Juneteenth Freedom Day

“My guest blogger this week is my assistant Megan Thomson Connor. Megan is a gifted writer and arts administrator who discusses the history of Juneteenth in the blog below. ” – Janet Langsam

In 2020, New York State Governor Andrew Cuomo issued an executive order recognizing Juneteenth as a holiday for state employees. Westchester County officials decided to do the same on the county level. This decision came 17 years after New York State proclaimed that June 19th is to be known as Juneteenth Freedom Day. Midst pandemic, it was hard to celebrate this hard-earned recognition, but this year, Juneteenth celebrations will be happening all over the County, both virtual and in-person, and it all kicks off June 1st!

Now for a history lesson, for those that need it. Juneteenth is the celebration of the commemoration of the ending of slavery in the United States. No, not the celebration of President Lincoln’s Emancipation Proclamation. This is the celebration of all of the slaves in the United States being freed. On June 19th, 1865, two and half years after the Emancipation Proclamation, Major General Gordon Granger’s led his Union troops into Galveston, Texas, with news that the war had ended and that the enslaved were now free. There are a few theories about the significant delay in the receipt of this important news.  Some believe it could have had to do with President Lincoln’s lack of authority over remaining rebellious states. Some say the messenger was shot. Others think it was the reluctance of the plantation owners who failed to inform the enslaved. Whatever the reasons, it was past time for conditions to change.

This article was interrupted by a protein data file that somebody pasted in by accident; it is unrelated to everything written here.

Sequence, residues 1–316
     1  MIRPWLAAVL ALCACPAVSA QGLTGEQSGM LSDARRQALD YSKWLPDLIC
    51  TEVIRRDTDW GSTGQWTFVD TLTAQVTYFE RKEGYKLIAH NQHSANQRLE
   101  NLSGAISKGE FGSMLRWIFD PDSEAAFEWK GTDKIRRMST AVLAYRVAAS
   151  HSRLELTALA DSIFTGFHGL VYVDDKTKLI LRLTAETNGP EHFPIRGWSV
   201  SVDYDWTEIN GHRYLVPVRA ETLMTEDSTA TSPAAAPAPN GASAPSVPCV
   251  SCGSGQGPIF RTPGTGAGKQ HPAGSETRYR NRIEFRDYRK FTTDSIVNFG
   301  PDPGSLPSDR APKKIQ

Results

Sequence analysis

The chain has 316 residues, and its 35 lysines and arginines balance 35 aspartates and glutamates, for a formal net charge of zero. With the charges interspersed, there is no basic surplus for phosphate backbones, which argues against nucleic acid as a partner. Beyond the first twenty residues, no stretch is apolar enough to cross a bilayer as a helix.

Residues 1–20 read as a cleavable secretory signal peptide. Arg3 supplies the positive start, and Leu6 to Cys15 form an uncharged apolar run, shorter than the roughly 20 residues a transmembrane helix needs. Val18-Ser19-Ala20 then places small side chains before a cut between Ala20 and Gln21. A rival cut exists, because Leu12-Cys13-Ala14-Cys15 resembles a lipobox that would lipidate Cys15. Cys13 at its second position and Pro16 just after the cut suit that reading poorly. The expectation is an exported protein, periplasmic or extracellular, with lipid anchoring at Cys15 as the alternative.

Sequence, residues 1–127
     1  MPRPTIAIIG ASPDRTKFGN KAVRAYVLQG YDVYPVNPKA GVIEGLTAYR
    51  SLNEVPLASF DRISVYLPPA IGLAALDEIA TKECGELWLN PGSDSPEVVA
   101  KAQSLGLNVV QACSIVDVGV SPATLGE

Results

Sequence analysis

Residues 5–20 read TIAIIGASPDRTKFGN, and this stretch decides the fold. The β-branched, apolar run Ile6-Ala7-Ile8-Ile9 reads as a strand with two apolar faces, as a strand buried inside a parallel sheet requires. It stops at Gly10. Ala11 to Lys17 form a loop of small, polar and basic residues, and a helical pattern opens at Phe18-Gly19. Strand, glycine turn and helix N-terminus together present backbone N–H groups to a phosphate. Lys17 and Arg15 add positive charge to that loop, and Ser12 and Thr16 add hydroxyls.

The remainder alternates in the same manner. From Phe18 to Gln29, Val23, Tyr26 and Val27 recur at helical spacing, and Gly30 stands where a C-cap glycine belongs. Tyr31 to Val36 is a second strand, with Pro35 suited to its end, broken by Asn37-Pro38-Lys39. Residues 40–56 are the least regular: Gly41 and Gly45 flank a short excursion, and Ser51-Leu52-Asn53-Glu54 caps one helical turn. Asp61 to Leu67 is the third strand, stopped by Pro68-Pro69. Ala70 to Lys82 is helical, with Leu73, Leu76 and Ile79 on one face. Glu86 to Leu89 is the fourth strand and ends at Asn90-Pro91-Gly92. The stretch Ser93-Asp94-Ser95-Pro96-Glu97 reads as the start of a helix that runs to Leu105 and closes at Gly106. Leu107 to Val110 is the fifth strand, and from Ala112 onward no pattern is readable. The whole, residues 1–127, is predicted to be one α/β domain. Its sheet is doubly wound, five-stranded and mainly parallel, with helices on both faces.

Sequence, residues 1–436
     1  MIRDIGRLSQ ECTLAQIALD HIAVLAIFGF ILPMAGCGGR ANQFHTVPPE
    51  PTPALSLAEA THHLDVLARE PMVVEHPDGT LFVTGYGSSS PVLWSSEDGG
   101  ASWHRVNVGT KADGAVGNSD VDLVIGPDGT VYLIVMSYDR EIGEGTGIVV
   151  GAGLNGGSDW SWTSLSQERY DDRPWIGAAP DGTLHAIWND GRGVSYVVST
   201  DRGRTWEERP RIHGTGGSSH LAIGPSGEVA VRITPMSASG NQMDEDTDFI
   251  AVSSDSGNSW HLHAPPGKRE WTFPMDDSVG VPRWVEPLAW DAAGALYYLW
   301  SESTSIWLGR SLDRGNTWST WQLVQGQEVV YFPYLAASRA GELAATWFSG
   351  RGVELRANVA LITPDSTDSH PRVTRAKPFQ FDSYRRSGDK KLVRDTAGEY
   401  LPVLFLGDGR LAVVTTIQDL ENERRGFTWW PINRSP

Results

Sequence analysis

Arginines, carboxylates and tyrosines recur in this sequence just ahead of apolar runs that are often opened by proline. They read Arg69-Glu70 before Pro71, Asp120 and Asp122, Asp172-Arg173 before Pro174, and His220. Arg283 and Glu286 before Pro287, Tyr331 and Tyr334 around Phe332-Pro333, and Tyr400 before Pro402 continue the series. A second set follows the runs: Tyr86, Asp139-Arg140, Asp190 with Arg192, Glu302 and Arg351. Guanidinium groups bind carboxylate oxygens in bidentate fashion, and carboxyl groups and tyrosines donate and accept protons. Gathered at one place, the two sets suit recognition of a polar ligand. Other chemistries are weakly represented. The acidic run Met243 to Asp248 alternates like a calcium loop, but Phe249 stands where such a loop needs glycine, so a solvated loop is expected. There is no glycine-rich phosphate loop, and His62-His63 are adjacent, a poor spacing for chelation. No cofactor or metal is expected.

As the newly freed migrated to the north or other states in the south where they had family, their hardships were far from over. Settling into these new areas as “free” men and women brought on new realities and the challenges of establishing themselves as black people in America. Recounting the memories of that day in June of 1865 served as a motivation and a release from racial tensions. Juneteenth became a time to reassure each other, pray, barbecue, tell stories, wear traditional dress, and celebrate freedom with family. 

Why didn’t you learn about this in school? Sadly, little interest existed outside the African American community to join the festivities. In some cases, there were even displays of resistance when towns or villages barred the use of public property for Juneteenth celebrations. However, for decades Juneteenth flourished, the celebration growing continuously until economic and cultural forces in the early 1900s took hold. Classroom textbooks proclaimed Lincoln’s Emancipation Proclamation of January 1st, 1863 as the date signaling the ending of slavery, erasing the significance of June 19th. As July 4th was already the established Independence holiday, a rise in patriotism steered more toward this celebration.

Then the Civil Rights movement motivated protesters to initiate Juneteenth celebrations where there weren’t already, just as the Black Lives Matter movement last summer fueled a national awareness of this holiday outside of the African-American community. 

Today, the future of Juneteenth is bright, and the number of activities happening across the County shows that. Join the community as we celebrate the achievements of the African American community and encourage self-development and respect for all cultures.

For a full list Juneteenth celebrations in Westchester, visit artswestchester.org/juneteenth2021